Jumoke Balogun, writing in Compare Afrique, states her case in even stronger words. Comparing the situation with the Kony2012 debacle, which left the warlord uncaptured and hundreds more American troops wreaking havoc in Africa, she asks,
Are you Nigerian? Do you have constitutional rights accorded to Nigerians to participate in their democratic process? If not, I have news for you. You can’t do anything about the girls missing in Nigeria. You can’t. Your insistence on urging American power, specifically American military power, to address this issue will ultimately hurt the people of Nigeria.
[... W]hen you pressure Western powers, particularly the American government to get involved in African affairs and when you champion military intervention, you become part of a much larger problem. You become a complicit participant in a military expansionist agenda on the continent of Africa. This is not good.
[...] The U.S. military conducted 128 separate ‘military activities’ in 28 African countries between June and December of 2013. These are in conjunction to U.S. led drone operations which are occurring in Northern Nigeria and Somalia. There are also counter-terrorism outposts in Djibouti and Niger and covert bases in Ethiopia and the Seychelles which are serving as launching pads for the U.S. military to carry out surveillance and armed drone strikes. [...] Further, a U.S. trained battalion in the Democratic Republic of Congo was denounced by the United Nations for committing mass rapes.
Now the United States is gaining more ground in Africa by sending military advisors and more drones, sorry, I mean security personnel and assets to Nigeria to assist the Nigerian military, who by the way, have a history of committing mass atrocities against the Nigerian people.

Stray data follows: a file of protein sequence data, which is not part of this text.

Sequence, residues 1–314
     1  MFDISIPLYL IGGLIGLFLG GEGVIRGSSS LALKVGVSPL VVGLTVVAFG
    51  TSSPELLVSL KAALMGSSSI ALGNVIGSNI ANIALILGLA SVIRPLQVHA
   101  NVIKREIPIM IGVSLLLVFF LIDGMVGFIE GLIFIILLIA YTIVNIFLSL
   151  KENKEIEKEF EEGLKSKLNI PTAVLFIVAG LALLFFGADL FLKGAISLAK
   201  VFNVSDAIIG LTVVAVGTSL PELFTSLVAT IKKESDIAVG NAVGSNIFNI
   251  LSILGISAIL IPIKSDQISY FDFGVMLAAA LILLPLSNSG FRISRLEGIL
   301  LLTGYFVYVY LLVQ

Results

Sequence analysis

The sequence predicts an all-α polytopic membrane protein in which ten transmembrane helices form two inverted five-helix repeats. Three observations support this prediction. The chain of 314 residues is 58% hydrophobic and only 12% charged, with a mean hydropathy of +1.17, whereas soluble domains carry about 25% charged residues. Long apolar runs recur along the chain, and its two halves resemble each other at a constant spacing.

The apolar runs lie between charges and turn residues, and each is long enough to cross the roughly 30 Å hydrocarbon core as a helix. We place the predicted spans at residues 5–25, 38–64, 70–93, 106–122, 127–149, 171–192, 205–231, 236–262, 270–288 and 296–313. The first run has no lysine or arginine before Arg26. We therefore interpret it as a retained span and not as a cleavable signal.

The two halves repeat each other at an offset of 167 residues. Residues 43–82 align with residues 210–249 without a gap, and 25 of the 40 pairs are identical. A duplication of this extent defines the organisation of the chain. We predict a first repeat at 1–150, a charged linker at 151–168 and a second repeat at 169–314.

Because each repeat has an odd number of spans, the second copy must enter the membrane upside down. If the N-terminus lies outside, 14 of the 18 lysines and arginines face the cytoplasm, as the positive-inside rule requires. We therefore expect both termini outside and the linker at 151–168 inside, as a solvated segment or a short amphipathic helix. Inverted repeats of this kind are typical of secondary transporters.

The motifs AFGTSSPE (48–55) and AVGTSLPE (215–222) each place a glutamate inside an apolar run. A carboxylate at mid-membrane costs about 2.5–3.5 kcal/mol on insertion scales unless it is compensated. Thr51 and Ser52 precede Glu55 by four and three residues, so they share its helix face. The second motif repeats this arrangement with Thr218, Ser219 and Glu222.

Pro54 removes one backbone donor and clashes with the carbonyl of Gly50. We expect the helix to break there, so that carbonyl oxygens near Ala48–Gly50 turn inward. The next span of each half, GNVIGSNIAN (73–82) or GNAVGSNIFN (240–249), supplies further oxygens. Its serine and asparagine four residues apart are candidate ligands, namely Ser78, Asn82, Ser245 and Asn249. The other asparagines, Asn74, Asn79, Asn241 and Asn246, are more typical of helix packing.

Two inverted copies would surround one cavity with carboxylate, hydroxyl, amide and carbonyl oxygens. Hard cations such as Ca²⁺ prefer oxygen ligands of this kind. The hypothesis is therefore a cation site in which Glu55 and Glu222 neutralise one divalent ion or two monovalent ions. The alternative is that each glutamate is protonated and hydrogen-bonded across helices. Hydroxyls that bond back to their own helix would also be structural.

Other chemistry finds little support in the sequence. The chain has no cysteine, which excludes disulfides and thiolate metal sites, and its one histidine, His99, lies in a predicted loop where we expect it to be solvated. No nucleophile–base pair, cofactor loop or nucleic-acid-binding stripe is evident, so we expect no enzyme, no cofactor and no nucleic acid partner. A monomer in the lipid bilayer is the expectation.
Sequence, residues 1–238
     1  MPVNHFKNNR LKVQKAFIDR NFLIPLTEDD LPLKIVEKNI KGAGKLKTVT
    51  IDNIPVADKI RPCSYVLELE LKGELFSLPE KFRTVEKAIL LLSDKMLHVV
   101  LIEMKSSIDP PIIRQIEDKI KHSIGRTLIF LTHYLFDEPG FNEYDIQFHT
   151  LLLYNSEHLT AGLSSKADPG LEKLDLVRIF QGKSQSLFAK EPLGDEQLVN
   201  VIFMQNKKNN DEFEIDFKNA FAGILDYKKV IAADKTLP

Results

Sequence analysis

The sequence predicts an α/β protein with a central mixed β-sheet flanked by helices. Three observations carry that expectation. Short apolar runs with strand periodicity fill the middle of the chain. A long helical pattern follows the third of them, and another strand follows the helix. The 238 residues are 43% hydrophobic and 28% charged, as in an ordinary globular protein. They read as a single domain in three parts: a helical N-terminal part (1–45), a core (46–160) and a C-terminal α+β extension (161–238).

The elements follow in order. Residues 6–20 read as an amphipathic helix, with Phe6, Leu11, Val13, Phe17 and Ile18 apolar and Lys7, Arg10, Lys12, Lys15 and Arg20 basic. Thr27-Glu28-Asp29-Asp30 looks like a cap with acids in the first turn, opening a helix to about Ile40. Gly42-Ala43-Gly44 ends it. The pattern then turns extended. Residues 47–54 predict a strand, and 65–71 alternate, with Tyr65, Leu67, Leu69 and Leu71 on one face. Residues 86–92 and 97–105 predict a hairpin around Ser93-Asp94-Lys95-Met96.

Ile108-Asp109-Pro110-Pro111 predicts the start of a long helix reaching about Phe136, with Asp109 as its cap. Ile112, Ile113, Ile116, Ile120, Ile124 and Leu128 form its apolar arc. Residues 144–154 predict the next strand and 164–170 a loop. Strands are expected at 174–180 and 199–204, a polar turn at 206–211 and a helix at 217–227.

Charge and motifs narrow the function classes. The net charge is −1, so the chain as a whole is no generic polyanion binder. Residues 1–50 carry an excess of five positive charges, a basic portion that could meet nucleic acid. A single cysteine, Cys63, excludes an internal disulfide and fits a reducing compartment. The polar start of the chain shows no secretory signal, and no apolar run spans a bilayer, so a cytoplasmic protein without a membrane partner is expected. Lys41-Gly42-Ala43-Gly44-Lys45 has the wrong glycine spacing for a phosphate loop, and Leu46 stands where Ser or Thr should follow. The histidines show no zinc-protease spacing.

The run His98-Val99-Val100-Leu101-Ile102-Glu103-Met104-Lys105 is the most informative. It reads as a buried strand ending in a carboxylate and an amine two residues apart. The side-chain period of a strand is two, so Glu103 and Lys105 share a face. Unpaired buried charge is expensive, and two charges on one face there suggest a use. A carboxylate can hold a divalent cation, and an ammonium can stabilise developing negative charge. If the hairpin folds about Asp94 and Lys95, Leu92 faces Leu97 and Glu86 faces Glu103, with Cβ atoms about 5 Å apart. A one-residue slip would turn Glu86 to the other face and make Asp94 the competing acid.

The social media campaign is even making new victims out of unrelated women. Photos circulated of the kidnapped girls are actually of unrelated girls from Guinea-Bissau taken by photographer Ami Vitale. She told the New York Times:
These photos have nothing to do with those girls who were kidnapped. These girls are from Guinea-Bissau, and the story I did was about something completely different. They have nothing to do with the terrible kidnappings. Can you imagine having your daughter’s image spread throughout the world as the face of sexual trafficking? These girls have never been abducted, never been sexually trafficked. [...] I know these girls. I know these families, and they would be really upset to see their daughters’ faces spread across the world and made the face of a terrible situation.
It remains to be seen whether social media and world involvement can help the Nigerian people recover from a deadly, complex situation. The alternative may be another opportunity for American empire building and global destabilization in oil-rich Nigeria.
- “Freedom Rider: How Not to ‘Bring Back Our Girls‘” on Black Agenda Report
- “The Divisive History of Hashtag Activism” on Washington Post
For more sensible updates on Nigeria, follow sources quoted in this article on Twitter: @tejucole & @zeynep. Also, Jumoke Balogun of @CompareAfrique recommends following local journalists @ChiomaChuka, @gbengasesan, and @obyezeks.
Photo by musyani75 released under a Creative Commons license.